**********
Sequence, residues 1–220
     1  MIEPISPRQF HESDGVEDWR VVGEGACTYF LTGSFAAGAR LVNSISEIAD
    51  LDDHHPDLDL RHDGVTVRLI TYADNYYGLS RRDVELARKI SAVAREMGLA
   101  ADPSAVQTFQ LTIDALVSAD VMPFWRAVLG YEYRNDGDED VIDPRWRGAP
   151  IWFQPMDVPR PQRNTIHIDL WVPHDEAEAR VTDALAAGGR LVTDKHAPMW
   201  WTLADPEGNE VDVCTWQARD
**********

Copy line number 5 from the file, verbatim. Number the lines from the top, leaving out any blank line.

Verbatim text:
   151  IWFQPMDVPR PQRNTIHIDL WVPHDEAEAR VTDALAAGGR LVTDKHAPMW